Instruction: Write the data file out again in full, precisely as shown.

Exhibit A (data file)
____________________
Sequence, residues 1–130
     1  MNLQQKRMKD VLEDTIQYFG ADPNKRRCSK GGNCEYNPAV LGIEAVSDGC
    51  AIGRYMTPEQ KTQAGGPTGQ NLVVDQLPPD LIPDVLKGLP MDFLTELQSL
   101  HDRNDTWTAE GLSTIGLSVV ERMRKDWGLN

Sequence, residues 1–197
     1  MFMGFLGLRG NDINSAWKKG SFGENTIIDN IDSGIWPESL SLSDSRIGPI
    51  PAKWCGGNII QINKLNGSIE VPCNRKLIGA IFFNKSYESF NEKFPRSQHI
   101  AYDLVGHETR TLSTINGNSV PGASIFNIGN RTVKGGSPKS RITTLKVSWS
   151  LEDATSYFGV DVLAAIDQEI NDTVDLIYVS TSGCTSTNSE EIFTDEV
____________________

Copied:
Sequence, residues 1–130
     1  MNLQQKRMKD VLEDTIQYFG ADPNKRRCSK GGNCEYNPAV LGIEAVSDGC
    51  AIGRYMTPEQ KTQAGGPTGQ NLVVDQLPPD LIPDVLKGLP MDFLTELQSL
   101  HDRNDTWTAE GLSTIGLSVV ERMRKDWGLN

Sequence, residues 1–197
     1  MFMGFLGLRG NDINSAWKKG SFGENTIIDN IDSGIWPESL SLSDSRIGPI
    51  PAKWCGGNII QINKLNGSIE VPCNRKLIGA IFFNKSYESF NEKFPRSQHI
   101  AYDLVGHETR TLSTINGNSV PGASIFNIGN RTVKGGSPKS RITTLKVSWS
   151  LEDATSYFGV DVLAAIDQEI NDTVDLIYVS TSGCTSTNSE EIFTDEV